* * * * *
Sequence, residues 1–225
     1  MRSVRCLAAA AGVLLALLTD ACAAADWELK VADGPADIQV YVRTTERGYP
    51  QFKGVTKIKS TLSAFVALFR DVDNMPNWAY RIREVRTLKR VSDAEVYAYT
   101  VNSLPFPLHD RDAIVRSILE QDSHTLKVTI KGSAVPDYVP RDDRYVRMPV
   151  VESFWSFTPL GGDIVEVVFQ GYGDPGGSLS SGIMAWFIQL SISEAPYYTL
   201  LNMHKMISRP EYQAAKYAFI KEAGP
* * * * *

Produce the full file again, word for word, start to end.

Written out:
Sequence, residues 1–225
     1  MRSVRCLAAA AGVLLALLTD ACAAADWELK VADGPADIQV YVRTTERGYP
    51  QFKGVTKIKS TLSAFVALFR DVDNMPNWAY RIREVRTLKR VSDAEVYAYT
   101  VNSLPFPLHD RDAIVRSILE QDSHTLKVTI KGSAVPDYVP RDDRYVRMPV
   151  VESFWSFTPL GGDIVEVVFQ GYGDPGGSLS SGIMAWFIQL SISEAPYYTL
   201  LNMHKMISRP EYQAAKYAFI KEAGP